Artifact Corner: Chamber Pots

Hi Everyone, and welcome back to another artifact corner. Today we will be looking at two very necessary items in our museum, chamber pots. These two pots are made of porcelain, and each of them have their original lids. One is painted with flowers in blue, green and warm umber tones. The other is a straight white glaze, with the same cattail motif as the pitcher and basin set we featured in a previous video. This one likely came with the pitcher and basin as a bathroom set. Let’s learn a bit more about the history of bathrooms, but more specifically how people used the toilet.

The first known use of what we would recognize as a toilet dates to around 3200 BCE in Ancient Mesopotamia. In 3,000 BCE the Neolithic village of Skara Brae, which is on the Orkney Isles of Scotland, contains examples of internal small rooms over a communal drain, rather than just a simple pit. In the Indus city of Lothal (c. 2350 BCE), houses belonging to the upper classes had private toilets connected to a covered sewer network constructed of brickwork held together with a gypsum-based mortar that emptied either into the surrounding water bodies or alternatively into cesspits, the latter of which were regularly emptied and cleaned. The Romans had latrines that used flowing water. They had toilets that were elevated from the floor, that sat above a sewer system that was periodically flushed to remove the waste. Following the collapse of the Roman Empire, there is not a lot written about toilets or how people did their business. In the Middle Ages, the upper classes had a room called a Garderobe. They were flat pieces of wood or stone spanning from one wall to the other, with one or more holes to sit on. These were above chutes or pipes that discharged outside the castle or Manor house. The garderobes were always kept away from the main living areas, so as to keep the smell at bay.

Chamber pots, similar to the ones in our collections, were already in use in the Medieval period. By the 16th century, cesspits and cesspools were increasingly dug into the ground near houses in Europe as a means of collecting waste. Urban population centers were growing and street gutters were becoming blocked with the larger volume of human waste. So, people took matters into their own hands, hence the digging of cesspools and cesspits. Cesspools were cleaned out by tradesmen, known in English as gong farmers, who pumped out the liquid waste, then shoveled out the solid waste and collected it during the night. This solid waste, euphemistically known as night soil, was sold as fertilizer for agricultural production. During the Victorian era, housemaids collected all of the homes chamber pots and carried them to a room known as the housemaids’ cupboard, where they would be emptied and cleaned. Outhouses were also very common, but if you live in our area, imagine having to go outside to use an outhouse in the middle of January at night. Not at all appealing! In 1826, a man named Isaiah Rogers installed the first indoor plumbing in the Tremont Hotel in Boston. But it wasn’t until 1891, when we have the invention of what we would consider the modern toilet. We owe that to a man named Thomas Crapper, who history would thank by turning his name into a euphemism for the toilet. Sorry Thomas, we really all are appreciative of your invention.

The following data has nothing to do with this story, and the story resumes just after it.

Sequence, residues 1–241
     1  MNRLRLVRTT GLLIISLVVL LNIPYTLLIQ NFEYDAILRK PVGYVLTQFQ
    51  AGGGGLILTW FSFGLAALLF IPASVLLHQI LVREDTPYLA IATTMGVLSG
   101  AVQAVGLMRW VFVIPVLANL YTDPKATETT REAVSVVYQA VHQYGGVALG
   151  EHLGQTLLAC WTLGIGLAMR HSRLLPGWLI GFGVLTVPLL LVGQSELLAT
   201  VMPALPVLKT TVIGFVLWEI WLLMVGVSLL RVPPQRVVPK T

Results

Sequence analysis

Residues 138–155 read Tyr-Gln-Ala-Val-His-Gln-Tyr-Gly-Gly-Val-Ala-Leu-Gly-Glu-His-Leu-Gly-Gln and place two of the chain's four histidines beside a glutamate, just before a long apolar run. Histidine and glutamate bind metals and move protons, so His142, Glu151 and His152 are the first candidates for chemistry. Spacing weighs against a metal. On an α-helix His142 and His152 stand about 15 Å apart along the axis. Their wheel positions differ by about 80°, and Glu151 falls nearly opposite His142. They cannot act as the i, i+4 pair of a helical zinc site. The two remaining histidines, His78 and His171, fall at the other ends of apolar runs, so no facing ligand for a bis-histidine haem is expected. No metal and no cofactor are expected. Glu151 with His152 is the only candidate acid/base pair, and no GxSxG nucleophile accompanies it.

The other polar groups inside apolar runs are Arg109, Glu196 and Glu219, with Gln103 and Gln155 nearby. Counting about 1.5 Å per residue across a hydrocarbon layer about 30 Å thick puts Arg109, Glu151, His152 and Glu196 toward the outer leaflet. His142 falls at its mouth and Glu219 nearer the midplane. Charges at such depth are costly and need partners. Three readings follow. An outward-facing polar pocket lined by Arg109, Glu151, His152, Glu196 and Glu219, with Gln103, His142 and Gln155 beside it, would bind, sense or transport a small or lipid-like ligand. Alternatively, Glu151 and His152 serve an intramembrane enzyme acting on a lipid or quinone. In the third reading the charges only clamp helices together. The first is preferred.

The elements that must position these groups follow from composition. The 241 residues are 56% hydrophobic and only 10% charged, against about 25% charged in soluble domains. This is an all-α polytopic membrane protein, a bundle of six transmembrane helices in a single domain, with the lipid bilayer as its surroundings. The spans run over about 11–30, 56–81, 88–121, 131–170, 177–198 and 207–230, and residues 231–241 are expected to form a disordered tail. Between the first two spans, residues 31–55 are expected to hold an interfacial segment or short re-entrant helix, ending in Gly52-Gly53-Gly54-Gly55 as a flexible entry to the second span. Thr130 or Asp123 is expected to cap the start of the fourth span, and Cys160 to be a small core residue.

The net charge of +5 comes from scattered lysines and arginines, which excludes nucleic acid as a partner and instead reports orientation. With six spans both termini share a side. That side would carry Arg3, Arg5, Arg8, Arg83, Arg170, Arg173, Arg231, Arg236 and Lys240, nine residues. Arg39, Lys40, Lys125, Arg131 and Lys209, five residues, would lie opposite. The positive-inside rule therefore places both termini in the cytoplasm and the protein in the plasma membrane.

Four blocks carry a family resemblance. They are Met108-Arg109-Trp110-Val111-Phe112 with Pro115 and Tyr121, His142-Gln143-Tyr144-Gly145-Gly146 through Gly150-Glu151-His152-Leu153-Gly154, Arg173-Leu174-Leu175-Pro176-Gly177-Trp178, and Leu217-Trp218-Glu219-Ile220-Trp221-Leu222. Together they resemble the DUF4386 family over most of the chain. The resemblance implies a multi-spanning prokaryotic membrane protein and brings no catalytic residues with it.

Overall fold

Our Chamber pots are in good condition. They both have minor chipping on them, which is unsurprising given the amount of use they both received. They offer us a glimpse into our past, and also a reminder of how lucky we are to have our modern conveniences, like indoor plumbing. We are so lucky to have them in our collections. Thanks so much for stopping by!

The following music was used for this media project:
Music: Sunny Morning by MusicLFiles
Free download:
License (CC BY 4.0):
Artist website: